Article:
UK investigators require Boeing to modify the audio system fitted to the Boeing 787 following the investigation carried out on an incident in which British Airways 787-9 flight from London Heathrow to New Delhi lost cabin pressure on 29 April 2017.

Incident

A British Airways Boeing 787-9 flight BA-143 was on a scheduled flight from London Heathrow to New Delhi, India on 29 April 2017. The aircraft was dispatched in accordance with the Minimum Equipment List (MEL) with the left air conditioning (AC) system disabled. This was because the left No 2 (L2) CAC (Cabin Air Compressor) shaft had failed, which had subsequently damaged the left No 1 (L1) CAC,

An hour into flight at 10:32 the ‘cabin altitude pressure block’ was automatically displayed on the EICAS display. Shortly after reaching FL350 the crew were alerted by EICAS that the cabin altitude was increasing at a rate of about 300 fpm and that both outflow valves were indicating closed.

With no additional Environmental control system (ECS) actions available to control cabin altitude, the flight crew initiated a descent.

Oxygen masks dropped and the crew declared a MAYDAY and made a rapid descent to FL100 with speedbrakes deployed. The Aircraft returned to Heathrow and landed safely.

Cabin crew

The cabin crew in the first-class cabin received interphone call from the co-pilot and the request to stop the cabin service and return to their seats. However, before this message could be passed on to the other cabin crew, the cabin oxygen masks deployed. The deployment of the oxygen masks is accompanied by a PRA that advises of the emergency over the cabin loudspeakers, and contains instructions to don the oxygen masks. However, while the PRA was triggered in the cabin, its volume over the speakers was so low that the content of the message could not be heard above the background cabin noise.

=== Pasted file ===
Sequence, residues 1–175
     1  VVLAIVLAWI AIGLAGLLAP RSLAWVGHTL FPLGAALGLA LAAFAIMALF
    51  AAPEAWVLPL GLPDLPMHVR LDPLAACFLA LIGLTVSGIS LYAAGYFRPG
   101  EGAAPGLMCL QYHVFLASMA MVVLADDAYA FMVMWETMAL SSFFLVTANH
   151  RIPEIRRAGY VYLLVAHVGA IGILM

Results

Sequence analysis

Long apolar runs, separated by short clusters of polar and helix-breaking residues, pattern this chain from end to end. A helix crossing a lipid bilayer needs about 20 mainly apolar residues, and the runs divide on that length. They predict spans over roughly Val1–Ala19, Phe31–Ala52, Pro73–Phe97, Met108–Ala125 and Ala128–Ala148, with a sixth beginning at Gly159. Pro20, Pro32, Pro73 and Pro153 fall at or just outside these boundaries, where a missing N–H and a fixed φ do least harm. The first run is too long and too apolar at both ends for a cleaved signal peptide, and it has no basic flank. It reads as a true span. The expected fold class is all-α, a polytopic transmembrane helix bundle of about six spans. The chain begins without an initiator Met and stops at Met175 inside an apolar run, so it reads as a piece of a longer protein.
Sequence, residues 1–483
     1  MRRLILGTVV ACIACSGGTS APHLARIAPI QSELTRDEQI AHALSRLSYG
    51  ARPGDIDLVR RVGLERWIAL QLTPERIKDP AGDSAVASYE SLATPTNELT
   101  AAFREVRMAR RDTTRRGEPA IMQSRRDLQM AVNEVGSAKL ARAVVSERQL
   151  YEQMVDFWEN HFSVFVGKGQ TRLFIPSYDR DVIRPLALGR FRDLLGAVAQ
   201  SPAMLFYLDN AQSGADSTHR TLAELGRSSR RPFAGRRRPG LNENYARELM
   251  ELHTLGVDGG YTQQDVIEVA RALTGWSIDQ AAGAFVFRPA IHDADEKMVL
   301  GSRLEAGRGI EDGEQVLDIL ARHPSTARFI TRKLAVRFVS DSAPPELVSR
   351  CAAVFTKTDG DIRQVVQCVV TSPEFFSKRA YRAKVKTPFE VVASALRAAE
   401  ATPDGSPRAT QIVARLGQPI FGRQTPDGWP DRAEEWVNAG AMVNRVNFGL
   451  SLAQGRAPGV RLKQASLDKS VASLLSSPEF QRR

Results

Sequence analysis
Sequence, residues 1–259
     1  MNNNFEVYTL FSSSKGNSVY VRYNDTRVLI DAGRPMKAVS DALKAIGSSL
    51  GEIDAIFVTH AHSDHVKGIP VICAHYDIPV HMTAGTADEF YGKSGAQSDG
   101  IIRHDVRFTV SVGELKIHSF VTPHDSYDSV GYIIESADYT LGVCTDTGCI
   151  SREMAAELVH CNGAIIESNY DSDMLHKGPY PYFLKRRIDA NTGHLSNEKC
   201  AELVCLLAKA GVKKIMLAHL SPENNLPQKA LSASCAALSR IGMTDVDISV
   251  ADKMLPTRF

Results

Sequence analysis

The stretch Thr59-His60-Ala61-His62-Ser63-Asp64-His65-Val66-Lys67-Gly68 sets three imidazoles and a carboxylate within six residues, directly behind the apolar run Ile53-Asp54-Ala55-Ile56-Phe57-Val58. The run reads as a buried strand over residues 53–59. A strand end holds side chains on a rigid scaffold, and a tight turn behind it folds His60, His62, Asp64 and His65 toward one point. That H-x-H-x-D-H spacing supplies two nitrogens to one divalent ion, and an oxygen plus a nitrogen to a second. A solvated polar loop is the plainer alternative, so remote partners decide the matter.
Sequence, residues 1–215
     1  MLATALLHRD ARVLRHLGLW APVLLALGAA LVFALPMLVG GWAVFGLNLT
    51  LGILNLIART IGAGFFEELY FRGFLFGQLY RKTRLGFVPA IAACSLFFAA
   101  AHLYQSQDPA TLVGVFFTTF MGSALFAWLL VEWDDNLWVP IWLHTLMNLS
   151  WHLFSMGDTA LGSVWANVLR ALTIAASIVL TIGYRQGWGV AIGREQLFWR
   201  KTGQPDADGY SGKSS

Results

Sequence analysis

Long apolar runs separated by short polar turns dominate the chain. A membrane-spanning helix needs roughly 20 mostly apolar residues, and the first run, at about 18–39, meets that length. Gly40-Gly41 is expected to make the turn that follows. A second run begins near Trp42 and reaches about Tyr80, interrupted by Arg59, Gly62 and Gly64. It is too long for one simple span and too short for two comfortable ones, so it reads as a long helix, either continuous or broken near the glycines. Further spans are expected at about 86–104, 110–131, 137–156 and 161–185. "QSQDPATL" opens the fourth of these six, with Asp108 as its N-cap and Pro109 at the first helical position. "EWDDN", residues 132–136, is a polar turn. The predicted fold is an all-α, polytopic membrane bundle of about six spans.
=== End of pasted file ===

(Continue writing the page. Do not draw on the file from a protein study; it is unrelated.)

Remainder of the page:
As a result of not hearing the PRA, and in the absence of any other serious indications of depressurisation, the cabin crew were confused as to what was happening. Many thought the oxygen masks had deployed inadvertently, possibly because of turbulence. The cabin crew did not follow their depressurisation actions but returned their cabin service carts to the galleys and took their seats there.

The passengers appeared unaware of the emergency. Some remained asleep and many did not fit their oxygen masks. Of those that did fit the masks, some fitted them incorrectly. As the cabin crews’ awareness of the situation developed, they began shouting instructions to the passengers to fit their oxygen masks.
Due to the uncertainty of the situation, the CSD took a portable oxygen system and went to the cockpit to ascertain what was happening. During this period several of the cabin crew also used portable oxygen systems. Several of them reported that the systems were difficult to extract from their stowage locations and to use due to the “cumbersome” oxygen bottle. They also found it difficult to tell whether the portable oxygen systems were working.